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The Duchess (10/10)

by Tony Medley

Anyone who doesn’t believe that history repeats itself must see this film. It’s about Georgiana (Keira Knightley), the Duchess of Devonshire, whose life bears a remarkable parallel with that of her descendent, Princess Diana.

Beautiful with a sparkling personality, in 1774, when she was just 17 years-of-age, she was thrown into an arranged marriage with William Cavendish, the Duke of Devonshire (Ralph Fiennes), her cold, cruel spouse. Told by a top flight cast that includes Dominic Cooper as Charles Grey, the man who stole Georgiana’s heart (and the man for whom the tea, Earl Grey, is named), Hayley Atwell as Lady Elizabeth “Bess” Foster, Georgiana’s best friend, and Charlotte Rampling as Georgiana’s mother, Lady Spencer, the direction by Saul Dibb is first rate.

And it would have to be because this could easily have dripped into a maudlin soap opera. But Dibb keeps things moving, although without the sparkling Knightley, this movie, based upon Amanda Foreman’s 1998 Best-selling book, “Georgiana: Duchess of Devonshire,” (the marriage was also satirized in the famous 1777 play, “School for Scandal” by Richard Brinsley Sheridan) would have had a long uphill climb. She is in almost every scene and completely carries the film. I’ve seen most films in which she’s played, starting with “Bend it Like Beckham,” and she just gets better each time. She was the only thing I liked about “Atonement.”

Georgiana was a precursor of Princess Di, a “rock star,” if you will, before there was such a thing. She was a fashion trendsetter, with an impeccable sense of style. If she wore it, everyone followed. The crowds loved her. She was a force in the Whig party, campaigning 100 years before women got the right to vote in England. She was a 21st-Century woman trapped in the 18th-Century, a time when the man was truly ruler of the roost and the woman had no say in anything.

As such, she was also victim of the same thing that burdened the many wives of Henry VIII, trying to give the Duke a male heir. She bore daughters, but endured many miscarriages in her ultimately successful effort to satisfy the Duke’s requirements. The film barely alludes to the miscarriages.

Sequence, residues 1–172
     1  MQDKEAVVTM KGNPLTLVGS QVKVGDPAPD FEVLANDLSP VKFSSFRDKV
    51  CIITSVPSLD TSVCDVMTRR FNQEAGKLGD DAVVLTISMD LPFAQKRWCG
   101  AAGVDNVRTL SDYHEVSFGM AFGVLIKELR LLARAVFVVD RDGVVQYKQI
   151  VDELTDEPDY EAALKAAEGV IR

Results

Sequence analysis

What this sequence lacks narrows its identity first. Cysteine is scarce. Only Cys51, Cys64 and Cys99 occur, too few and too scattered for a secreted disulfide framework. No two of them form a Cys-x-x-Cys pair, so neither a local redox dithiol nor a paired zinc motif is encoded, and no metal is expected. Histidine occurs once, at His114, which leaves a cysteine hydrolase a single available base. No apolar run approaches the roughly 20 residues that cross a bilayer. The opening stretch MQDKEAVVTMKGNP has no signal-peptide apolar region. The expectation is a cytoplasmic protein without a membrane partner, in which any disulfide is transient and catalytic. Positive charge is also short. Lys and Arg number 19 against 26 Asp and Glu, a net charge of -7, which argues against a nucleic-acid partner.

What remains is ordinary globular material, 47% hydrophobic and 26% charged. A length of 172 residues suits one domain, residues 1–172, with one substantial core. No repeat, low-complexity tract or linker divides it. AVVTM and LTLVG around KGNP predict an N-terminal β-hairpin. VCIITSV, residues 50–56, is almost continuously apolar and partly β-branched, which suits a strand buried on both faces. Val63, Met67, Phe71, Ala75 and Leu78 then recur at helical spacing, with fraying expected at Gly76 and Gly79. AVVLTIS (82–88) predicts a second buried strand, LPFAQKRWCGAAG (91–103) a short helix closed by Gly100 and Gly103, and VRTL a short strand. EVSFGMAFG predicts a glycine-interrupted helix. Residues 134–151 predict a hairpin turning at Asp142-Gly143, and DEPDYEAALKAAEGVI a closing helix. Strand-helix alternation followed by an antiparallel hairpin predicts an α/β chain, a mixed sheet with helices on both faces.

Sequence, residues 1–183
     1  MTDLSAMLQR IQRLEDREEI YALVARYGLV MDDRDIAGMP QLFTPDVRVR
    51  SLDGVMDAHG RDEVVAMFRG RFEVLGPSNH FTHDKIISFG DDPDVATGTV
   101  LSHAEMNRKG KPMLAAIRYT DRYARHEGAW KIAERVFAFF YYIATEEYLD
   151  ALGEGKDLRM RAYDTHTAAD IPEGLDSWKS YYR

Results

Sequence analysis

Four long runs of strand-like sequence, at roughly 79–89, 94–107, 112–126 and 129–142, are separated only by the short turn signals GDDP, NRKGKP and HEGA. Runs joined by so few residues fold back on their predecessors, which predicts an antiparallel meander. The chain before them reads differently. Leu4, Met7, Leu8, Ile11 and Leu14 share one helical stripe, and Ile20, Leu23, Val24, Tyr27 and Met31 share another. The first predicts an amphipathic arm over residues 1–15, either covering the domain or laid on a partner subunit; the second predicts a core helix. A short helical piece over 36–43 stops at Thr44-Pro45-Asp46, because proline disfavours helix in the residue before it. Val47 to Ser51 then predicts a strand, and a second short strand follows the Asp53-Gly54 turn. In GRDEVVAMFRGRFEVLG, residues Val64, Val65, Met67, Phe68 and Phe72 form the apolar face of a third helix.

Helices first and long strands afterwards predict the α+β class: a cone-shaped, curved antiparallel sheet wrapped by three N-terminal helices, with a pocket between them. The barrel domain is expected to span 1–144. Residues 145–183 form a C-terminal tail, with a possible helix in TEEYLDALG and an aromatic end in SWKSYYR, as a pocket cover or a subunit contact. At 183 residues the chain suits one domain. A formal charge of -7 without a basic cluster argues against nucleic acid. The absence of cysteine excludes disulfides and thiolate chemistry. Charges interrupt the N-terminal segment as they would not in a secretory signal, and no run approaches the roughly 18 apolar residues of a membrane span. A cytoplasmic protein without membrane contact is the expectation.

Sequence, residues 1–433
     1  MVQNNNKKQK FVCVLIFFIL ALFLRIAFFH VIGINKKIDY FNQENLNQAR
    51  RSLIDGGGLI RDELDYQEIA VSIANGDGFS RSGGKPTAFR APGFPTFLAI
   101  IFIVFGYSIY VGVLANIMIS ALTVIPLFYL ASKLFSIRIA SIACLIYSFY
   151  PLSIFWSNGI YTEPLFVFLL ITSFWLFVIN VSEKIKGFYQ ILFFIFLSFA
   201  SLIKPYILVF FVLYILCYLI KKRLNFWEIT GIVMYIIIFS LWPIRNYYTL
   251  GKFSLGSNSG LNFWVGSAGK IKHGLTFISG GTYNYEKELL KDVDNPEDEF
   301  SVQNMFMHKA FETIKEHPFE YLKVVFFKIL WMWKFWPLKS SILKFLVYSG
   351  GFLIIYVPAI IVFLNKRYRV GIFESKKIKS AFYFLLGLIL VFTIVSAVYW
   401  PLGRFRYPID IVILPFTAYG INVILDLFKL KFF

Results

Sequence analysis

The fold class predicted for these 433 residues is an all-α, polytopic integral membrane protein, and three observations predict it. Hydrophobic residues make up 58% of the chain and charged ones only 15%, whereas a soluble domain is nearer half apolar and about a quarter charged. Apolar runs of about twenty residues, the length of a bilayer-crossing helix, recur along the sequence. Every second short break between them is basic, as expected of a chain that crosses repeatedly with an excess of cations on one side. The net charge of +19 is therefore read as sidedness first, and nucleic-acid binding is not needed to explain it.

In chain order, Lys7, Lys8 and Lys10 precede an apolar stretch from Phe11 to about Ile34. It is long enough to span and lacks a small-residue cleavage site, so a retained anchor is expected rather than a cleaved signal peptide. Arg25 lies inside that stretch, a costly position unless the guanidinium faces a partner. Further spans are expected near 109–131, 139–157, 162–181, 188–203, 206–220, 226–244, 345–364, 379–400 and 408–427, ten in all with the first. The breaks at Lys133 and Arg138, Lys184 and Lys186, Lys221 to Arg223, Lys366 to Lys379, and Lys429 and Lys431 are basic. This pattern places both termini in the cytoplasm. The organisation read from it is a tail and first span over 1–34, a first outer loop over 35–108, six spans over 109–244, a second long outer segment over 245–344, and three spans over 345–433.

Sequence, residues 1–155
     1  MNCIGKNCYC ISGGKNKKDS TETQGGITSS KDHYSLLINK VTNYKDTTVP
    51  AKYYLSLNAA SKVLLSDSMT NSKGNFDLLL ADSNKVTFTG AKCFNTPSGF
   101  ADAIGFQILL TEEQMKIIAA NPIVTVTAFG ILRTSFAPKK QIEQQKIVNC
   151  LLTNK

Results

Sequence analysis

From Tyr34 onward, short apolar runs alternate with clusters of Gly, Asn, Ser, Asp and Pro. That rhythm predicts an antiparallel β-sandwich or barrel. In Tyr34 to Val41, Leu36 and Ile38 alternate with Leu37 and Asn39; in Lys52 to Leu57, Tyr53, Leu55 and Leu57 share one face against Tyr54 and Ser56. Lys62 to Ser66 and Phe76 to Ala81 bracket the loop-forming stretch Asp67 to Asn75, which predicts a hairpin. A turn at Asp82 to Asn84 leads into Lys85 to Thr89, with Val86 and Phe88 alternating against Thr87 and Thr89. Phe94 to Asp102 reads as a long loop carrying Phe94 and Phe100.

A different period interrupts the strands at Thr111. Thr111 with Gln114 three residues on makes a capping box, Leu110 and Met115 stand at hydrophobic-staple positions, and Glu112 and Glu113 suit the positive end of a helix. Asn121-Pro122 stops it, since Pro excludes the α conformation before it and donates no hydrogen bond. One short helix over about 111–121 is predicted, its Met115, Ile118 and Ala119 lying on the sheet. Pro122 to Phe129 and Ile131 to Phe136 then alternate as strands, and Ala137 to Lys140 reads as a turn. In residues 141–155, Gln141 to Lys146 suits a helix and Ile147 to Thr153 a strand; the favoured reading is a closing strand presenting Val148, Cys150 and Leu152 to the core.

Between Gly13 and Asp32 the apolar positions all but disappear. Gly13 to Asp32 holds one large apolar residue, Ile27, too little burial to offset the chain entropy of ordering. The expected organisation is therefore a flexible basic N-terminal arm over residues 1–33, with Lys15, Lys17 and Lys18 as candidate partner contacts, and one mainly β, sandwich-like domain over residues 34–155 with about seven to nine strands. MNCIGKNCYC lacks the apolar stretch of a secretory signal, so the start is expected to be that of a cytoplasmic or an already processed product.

She was only a teenager when she was committed by her mother to the arranged marriage to the Duke. She didn’t have any idea what she was in for. But she was doomed to a loveless marriage with a cold, dominating, powerful man. Worse, her best friend became the Duke’s mistress and Georgiana was forced to live in a remarkable ménage a trios for the rest of her life. Much later in the film, Georgiana ruminates, “I fear I’ve done some things in life too late, and others too early.” This is a great line and if she actually did say it, maybe this was the first incantation of the adage that we get old too soon and smart too late. What’s amazing is that Georgiana, the Duke, and Bess lived in this relationship for 25 years, until Georgiana’s death in 1806.

Fiennes gives a smashing performance as the Duke, who was probably the wealthiest and most powerful man in England after the King. Even though he is cruel and unsympathetic to Georgiana, a martinet in his own home, the way Fiennes plays him one gets the idea that maybe there is some feeling in the man, however deep and well-hidden. Fiennes gives an extraordinarily nuanced performance in capturing the complexity of the man.

Cinematographer Gyula Pados, production designer Michael Carlin, and costume designer Michael O’Connor, give star turns themselves, equal to those given by the actors, in their recreation of late 18th-Century British upper crust life. Even without the wonderful acting and direction, they make this film worth seeing.

This beautifully acted and directed film ranks with the best I've seen this year to date.

September 18, 2008